purpose of 2 queues in event system?

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    • purpose of 2 queues in event system?

      In the event system chapter, having 2 event queues was proposed as a solution for events that can generate other events, causing the queue to grow too long.

      How does having 2 queues help? My understanding is that you process queue A, any new events that results from the processing are sent to the other queue B. Then once queue A is done processing, you switch and process queue B, adding new events to A. This doesn't seem to actually change the number of events that could get processed as you still have to deal with them at some point.
    • The idea here is that you only process a single queue per-frame, this means that if you have 20 events queued in a frame, at processing time you would process each event, if those events themselves queued up 20 more events they would be passed to the second queue, and processed the next frame.
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    • It also prevents a potential infinite loop. If Event A pushes Event B and Event B pushes Event A, you'd never break out of the loop. You still have to be careful if you go through the TriggerEvent() path because that bypasses the queue entirely and just calls the callback immediately. In my example, if both Event A and Event B triggered each other, you'd have the same issue.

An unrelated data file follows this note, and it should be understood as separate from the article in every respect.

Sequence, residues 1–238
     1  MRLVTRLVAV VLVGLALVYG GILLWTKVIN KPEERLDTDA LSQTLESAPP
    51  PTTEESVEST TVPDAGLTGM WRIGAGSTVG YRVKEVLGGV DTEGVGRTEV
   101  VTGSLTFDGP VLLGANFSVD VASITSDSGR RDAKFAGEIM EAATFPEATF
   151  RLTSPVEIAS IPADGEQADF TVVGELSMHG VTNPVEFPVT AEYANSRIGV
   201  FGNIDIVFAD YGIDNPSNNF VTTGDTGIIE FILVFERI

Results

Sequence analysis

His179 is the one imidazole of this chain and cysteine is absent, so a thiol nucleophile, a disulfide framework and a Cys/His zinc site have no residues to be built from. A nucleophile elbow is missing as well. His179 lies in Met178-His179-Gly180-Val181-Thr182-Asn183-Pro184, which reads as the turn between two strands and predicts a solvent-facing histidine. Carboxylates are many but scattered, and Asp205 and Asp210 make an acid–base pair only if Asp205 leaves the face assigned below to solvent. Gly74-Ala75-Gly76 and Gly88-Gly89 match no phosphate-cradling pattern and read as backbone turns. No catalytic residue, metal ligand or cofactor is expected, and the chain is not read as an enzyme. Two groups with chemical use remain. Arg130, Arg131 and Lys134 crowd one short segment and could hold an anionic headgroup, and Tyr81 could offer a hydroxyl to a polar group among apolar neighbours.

This double queue system is a very common pattern in games called double buffering. You see it all over the place. The most famous example comes from graphics programming where you often have the buffer you're drawing to and the buffer that's being displayed. In DirectX, they are called the back buffer and primary buffer, respectively.